When it comes to poultry at this festive time, turkey is the most common choice of meat. But in Korea, turkey is not a meat they would usually eat, in fact, you would have a very difficult time finding a turkey in any of their stores even if you wanted one. So, if you want a Korean style poultry fix this Christmas, you can’t go past tong-dak!

Tong-dak, also known as yen-nal-tong-dak 옛날통닭 (“old-time whole chicken”) originally began to make waves in Korea in the 1960-70’s when the  American soldiers posted there during the Korean War began to sell American style food to the public. When Koreans took the American style fried chicken and made it their own, tong-dak was born. To this day there are many family-owned restaurants all over Korea that still prepare tong-dak the original way, and have been for over forty years.


Boiled Pork Wrap/보쌈 Bo-Ssam

© Bossam, InspireMeKorea, 28.10.2017

© Bossam, InspireMeKorea, 28.10.2017

At Christmas time many families serve roast ham for dinner, but if you perhaps wanted to add a Korean zing to your feast, you could try Bo-ssam!

Bo-ssam has been eaten in Korea for many years, dating back as far as the Joseon period. The cut of pork meat, usually pork belly or shoulder, is boiled and then sliced thinly and served with either, salted napa cabbage, perilla leaves, or lettuce. You wrap the pork and other various side dishes in a leaf and enjoy! To give this a more Christmas feel, you could easily add cinnamon, clove, and honey to the water when boiling the pork!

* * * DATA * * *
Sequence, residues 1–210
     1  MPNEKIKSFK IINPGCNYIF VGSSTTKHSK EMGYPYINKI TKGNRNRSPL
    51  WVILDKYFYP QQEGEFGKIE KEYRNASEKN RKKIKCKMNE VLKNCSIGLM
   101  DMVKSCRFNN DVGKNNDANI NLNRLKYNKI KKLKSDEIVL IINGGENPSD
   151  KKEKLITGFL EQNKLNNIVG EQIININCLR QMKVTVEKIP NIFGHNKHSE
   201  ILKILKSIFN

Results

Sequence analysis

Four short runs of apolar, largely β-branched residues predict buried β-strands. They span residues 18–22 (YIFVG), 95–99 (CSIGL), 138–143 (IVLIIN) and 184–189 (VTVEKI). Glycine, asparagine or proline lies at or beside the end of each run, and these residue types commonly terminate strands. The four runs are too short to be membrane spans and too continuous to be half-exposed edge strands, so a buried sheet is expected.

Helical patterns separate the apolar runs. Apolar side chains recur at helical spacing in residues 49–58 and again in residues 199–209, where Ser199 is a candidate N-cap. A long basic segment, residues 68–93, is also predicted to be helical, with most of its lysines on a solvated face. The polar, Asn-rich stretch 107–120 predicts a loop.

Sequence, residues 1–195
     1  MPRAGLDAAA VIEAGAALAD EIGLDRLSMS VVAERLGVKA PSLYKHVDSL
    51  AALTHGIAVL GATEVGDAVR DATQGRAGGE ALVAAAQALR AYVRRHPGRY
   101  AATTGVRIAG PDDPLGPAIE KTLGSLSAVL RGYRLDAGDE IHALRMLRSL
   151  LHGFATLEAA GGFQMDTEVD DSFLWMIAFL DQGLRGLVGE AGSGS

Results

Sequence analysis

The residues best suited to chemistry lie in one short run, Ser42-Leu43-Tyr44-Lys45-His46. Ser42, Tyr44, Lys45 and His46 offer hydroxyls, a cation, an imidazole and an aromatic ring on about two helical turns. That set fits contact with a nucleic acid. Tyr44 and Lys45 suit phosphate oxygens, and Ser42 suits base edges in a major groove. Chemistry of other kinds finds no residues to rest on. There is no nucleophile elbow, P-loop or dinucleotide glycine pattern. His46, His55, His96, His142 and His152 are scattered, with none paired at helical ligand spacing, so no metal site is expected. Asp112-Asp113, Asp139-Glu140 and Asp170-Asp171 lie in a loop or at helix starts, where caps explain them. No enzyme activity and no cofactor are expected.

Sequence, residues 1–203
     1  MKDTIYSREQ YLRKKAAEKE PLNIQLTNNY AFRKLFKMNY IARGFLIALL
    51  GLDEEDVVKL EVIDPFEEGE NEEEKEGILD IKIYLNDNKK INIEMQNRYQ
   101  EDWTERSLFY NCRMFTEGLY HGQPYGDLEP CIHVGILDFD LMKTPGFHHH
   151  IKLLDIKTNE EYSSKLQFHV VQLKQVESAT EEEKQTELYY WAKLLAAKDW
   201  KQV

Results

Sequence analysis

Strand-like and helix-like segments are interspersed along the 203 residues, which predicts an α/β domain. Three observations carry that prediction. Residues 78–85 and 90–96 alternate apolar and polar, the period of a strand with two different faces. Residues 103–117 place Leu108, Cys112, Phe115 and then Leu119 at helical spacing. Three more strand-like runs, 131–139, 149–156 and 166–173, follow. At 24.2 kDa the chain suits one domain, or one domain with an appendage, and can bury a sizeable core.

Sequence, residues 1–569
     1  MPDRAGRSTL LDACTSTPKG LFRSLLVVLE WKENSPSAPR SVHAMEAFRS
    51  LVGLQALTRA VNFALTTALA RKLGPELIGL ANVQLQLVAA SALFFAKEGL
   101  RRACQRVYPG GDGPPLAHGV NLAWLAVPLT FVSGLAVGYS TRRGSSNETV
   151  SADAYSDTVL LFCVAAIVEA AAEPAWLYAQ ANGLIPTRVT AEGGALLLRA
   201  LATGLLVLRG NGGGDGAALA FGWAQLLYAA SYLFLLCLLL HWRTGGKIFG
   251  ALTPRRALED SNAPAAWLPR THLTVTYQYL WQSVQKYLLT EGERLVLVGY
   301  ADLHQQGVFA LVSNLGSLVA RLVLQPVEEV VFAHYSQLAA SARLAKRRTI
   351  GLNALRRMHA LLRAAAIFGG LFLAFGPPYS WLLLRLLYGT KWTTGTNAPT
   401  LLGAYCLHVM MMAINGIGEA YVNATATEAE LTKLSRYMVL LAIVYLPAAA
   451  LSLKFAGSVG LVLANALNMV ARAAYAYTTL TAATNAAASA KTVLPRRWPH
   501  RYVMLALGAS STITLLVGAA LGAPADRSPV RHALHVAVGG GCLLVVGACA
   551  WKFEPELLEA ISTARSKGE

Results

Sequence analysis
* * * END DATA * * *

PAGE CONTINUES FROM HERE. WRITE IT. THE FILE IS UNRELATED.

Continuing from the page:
Roasted Sweet Potato/군고구마 Gun-Go-Gu-Ma

© Roasted Sweet Potato, Seoul Travel PASS, 20.10.2017,

© Roasted Sweet Potato, Seoul Travel PASS, 20.10.2017,

No Christmas feast is complete without potatoes, mashed or roasted, you won’t find many western countries who don’t serve them on Christmas day in some form. In Korea however, if you’re talking potatoes, then you’re most likely talking go-gu-ma.

Koreans are pretty much in love with anything and everything sweet potato. The most popular way to eat sweet potatoes in Korea is roasted! When you buy a gun-go-gu-ma from a vendor they will give it to you wrapped in newsprint and it’s such a magical experience that just telling you about it doesn’t cut it! This is something you definitely have to experience for yourself to feel the magical-ness of this autumn/winter tradition. Roasting a whole sweet potato without removing the skin would be a very easy way to add something Korean to your Christmas meal!

Have you tried any of our suggestions before? Are you planning to? Have any ideas for us? Let us know! We would love to hear your ideas!

However you decide to spend this holiday season, we hope you have a very happy and safe Christmas season.

메리 크리스마스 from all of us at InspireMeKorea!

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Featured Image Source: © Korean Flag Christmas Table, InspireMekorea, 20.10.2017,

Matthew Keeler

American-born Australian planning on making Korea my home. 4-Dimensional optimist :D Love life and live with no regrets. Be yourself, and treat everyone with kindness.^^